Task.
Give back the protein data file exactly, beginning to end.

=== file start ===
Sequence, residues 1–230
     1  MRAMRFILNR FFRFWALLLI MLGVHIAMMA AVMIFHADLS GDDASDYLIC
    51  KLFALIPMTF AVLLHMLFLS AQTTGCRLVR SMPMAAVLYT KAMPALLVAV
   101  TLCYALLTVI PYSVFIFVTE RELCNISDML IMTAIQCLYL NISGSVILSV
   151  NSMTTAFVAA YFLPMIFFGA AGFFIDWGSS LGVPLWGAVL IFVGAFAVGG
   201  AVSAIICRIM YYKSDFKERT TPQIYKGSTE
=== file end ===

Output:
Sequence, residues 1–230
     1  MRAMRFILNR FFRFWALLLI MLGVHIAMMA AVMIFHADLS GDDASDYLIC
    51  KLFALIPMTF AVLLHMLFLS AQTTGCRLVR SMPMAAVLYT KAMPALLVAV
   101  TLCYALLTVI PYSVFIFVTE RELCNISDML IMTAIQCLYL NISGSVILSV
   151  NSMTTAFVAA YFLPMIFFGA AGFFIDWGSS LGVPLWGAVL IFVGAFAVGG
   201  AVSAIICRIM YYKSDFKERT TPQIYKGSTE